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any geological formation containing or conducting ground water, especially one that supplies the water for wells, springs, etc.
Contemporary Examples

In west-central Kansas, up to a fifth of the irrigated farmland along a 100-mile swath of the aquifer has already gone dry.
When the Wells Go Dry in the Great Plains Justin Green May 19, 2013

Palestinians are only allowed to dig wells 150 meters deep, but Israelis dig to the aquifer.
‘The Fading Valley’ Brings Jordan Valley Inequalities into Stark Relief Matt Surrusco November 19, 2013

Improper mining could kill the Kabul River and poison the aquifer for generations to come.
Afghanistan’s Mineral Wealth Could Be a Bonanza—or Lead to Disaster Dr. Cheryl Benard July 3, 2012

Vast stretches of Texas farmland lying over the aquifer no longer support irrigation.
When the Wells Go Dry in the Great Plains Justin Green May 19, 2013

Refilling the aquifer would require hundreds, if not thousands, of years of rains.
When the Wells Go Dry in the Great Plains Justin Green May 19, 2013

Historical Examples

Which will supply the larger region with artesian wells, an aquifer whose dip is steep or one whose dip is gentle?
The Elements of Geology William Harmon Norton

And we know just what the strata formations are both below the reservoir and in the aquifer downstream.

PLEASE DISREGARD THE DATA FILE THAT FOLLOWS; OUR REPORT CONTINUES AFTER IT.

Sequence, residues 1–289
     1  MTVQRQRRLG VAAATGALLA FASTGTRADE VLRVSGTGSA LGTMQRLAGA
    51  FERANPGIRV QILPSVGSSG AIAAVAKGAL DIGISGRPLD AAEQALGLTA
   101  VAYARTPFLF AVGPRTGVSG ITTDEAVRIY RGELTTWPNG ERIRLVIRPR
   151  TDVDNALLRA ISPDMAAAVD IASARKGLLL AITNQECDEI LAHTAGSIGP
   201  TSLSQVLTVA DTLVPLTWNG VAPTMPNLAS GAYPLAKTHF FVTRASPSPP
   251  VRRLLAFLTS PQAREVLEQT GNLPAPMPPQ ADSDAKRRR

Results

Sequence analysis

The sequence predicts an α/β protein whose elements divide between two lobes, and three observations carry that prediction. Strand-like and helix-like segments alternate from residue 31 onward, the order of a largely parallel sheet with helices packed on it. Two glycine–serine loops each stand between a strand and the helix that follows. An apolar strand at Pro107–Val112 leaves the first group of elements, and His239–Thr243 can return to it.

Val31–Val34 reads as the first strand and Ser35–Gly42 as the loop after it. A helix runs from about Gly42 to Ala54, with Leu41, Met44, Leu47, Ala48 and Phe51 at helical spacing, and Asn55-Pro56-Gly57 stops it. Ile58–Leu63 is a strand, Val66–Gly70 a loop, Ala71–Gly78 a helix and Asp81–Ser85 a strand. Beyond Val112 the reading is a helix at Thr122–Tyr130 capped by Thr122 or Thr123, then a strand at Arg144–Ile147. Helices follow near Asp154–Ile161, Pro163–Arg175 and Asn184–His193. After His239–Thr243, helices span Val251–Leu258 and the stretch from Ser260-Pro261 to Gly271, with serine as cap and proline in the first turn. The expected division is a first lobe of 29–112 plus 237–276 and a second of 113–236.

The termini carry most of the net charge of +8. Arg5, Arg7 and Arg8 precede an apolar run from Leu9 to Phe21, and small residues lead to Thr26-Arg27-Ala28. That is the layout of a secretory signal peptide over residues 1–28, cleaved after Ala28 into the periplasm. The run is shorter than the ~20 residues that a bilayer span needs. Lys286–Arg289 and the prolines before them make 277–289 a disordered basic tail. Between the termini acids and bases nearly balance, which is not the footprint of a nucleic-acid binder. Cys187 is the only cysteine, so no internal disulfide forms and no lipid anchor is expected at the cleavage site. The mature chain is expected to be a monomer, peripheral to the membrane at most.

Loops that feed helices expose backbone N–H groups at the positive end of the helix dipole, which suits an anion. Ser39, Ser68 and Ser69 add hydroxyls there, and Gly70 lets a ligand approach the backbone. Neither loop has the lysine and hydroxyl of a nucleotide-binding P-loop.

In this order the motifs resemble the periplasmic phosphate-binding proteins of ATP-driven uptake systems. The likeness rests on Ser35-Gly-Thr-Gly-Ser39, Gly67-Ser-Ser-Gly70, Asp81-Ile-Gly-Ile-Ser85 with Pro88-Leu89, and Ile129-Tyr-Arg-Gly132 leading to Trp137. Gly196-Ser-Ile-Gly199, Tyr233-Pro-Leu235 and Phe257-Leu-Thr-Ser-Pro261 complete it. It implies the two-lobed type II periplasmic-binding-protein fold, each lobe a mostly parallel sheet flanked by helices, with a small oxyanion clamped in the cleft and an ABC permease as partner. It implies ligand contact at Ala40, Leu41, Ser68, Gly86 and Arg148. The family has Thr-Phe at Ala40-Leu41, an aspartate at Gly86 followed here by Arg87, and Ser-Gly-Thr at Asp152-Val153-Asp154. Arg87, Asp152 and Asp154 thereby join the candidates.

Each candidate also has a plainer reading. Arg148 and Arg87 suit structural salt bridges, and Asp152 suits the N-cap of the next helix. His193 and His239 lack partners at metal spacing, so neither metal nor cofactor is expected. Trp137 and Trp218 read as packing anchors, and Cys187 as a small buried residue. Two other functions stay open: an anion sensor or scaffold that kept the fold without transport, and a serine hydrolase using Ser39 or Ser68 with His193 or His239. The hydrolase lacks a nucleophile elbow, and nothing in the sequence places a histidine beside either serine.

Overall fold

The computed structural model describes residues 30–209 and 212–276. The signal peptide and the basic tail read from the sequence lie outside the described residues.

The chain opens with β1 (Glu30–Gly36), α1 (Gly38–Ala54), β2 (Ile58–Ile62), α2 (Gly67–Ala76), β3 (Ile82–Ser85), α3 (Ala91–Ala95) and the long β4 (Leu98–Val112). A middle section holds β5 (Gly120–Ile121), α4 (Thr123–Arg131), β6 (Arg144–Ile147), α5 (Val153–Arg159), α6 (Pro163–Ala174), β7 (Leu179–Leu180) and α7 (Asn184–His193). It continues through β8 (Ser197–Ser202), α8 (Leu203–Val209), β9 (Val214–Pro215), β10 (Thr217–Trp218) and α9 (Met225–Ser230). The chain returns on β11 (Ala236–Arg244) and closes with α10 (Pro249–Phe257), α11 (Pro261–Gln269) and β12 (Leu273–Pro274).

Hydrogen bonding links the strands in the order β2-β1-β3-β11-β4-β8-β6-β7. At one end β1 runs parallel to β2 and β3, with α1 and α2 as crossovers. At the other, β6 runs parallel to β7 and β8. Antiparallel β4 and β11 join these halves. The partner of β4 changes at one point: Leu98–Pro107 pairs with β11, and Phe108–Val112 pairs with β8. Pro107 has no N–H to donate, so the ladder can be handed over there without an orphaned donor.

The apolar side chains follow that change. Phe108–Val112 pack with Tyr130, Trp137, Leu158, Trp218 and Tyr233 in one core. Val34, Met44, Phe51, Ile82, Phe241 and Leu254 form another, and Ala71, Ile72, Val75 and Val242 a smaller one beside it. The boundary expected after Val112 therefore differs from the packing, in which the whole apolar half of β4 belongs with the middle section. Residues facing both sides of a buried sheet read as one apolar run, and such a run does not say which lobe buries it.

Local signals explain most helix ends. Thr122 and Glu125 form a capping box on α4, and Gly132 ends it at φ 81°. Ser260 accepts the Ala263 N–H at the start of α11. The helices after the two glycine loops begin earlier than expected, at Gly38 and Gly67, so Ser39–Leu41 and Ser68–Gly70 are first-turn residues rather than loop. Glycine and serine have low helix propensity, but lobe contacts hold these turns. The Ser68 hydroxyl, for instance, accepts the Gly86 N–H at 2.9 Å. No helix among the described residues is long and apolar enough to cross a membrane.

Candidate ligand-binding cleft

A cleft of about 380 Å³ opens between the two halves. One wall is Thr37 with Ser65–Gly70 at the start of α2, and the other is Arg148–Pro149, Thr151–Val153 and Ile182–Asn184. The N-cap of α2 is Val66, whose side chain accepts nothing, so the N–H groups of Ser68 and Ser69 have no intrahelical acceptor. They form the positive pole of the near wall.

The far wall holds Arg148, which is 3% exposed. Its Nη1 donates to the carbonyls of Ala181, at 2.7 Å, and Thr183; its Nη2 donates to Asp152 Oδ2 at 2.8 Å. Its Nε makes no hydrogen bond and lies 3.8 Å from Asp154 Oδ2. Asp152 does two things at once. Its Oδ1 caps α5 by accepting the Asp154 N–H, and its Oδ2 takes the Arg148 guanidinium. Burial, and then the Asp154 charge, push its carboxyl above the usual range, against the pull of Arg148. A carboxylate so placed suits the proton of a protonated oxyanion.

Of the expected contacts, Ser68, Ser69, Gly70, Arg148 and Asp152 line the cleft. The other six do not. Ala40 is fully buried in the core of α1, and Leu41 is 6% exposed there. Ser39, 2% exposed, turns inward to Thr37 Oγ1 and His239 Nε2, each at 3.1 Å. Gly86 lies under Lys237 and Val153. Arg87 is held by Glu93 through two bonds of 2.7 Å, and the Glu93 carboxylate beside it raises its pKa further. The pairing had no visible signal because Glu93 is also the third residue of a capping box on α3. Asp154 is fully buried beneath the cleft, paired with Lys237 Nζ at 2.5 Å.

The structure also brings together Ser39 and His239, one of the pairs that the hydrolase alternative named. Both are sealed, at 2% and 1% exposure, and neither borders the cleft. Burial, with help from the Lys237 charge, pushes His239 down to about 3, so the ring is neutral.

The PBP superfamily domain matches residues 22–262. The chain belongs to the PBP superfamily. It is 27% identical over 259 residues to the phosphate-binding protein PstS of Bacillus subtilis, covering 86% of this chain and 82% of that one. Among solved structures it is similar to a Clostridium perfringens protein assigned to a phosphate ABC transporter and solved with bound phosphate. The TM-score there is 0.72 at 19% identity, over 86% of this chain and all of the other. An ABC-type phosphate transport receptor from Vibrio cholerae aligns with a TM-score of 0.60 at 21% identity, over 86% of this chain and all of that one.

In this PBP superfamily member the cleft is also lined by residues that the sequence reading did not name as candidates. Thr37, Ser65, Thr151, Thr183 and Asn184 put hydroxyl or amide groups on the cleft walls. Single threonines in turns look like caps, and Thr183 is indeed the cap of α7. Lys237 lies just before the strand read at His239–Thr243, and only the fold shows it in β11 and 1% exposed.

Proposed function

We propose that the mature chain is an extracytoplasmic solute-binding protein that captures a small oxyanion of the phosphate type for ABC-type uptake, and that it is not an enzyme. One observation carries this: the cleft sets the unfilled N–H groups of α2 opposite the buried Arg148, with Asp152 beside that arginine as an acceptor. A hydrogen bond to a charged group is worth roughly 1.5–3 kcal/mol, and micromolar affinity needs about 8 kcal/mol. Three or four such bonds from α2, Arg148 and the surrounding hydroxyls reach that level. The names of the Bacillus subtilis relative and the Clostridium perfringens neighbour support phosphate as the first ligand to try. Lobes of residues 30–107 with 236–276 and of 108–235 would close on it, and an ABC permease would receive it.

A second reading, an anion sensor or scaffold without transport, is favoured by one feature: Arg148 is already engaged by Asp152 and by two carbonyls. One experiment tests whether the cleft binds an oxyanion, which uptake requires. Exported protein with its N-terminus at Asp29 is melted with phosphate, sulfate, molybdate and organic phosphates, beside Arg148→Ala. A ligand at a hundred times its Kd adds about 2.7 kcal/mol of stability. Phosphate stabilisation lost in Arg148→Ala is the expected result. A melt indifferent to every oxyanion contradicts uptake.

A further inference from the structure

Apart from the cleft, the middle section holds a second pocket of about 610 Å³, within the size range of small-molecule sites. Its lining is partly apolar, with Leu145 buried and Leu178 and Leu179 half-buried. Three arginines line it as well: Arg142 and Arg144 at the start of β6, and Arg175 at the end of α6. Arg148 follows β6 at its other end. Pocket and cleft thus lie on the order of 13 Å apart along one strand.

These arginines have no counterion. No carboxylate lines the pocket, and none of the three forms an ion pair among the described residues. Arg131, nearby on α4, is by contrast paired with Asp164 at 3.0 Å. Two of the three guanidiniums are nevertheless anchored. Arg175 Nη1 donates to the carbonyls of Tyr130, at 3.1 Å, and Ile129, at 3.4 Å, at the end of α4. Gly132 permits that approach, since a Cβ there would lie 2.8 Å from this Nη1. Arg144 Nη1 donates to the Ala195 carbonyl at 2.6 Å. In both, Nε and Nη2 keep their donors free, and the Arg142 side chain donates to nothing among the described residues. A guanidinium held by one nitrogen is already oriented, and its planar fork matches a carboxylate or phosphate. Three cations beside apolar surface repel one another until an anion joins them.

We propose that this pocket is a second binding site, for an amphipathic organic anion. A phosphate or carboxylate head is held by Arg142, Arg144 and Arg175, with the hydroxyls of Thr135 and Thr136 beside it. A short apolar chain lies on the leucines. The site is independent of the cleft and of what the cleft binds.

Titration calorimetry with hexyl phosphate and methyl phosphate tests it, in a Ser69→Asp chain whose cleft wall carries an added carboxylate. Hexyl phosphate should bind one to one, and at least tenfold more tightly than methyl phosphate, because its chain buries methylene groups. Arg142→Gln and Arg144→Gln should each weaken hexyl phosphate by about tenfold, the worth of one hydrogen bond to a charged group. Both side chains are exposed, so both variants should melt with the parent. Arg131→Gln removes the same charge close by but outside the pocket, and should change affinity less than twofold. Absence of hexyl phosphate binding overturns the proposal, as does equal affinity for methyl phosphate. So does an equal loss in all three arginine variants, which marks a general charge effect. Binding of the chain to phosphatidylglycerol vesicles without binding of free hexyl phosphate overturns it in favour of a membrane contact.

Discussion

The Thirst Quenchers Rick Raphael

The aquifer dips toward the region of the wells from higher ground, where it outcrops and receives its water.
The Elements of Geology William Harmon Norton

a porous deposit of rock, such as a sandstone, containing water that can be used to supply wells

1897, coined from Latin aqui-, comb. form of aqua “water” (see aqua-) + -fer “bearing,” from ferre “to bear” (see infer).
An underground layer of permeable rock, sediment (usually sand or gravel), or soil that yields water. The pore spaces in aquifers are filled with water and are interconnected, so that water flows through them. Sandstones, unconsolidated gravels, and porous limestones make the best aquifers. They can range from a few square kilometers to thousands of square kilometers in size.


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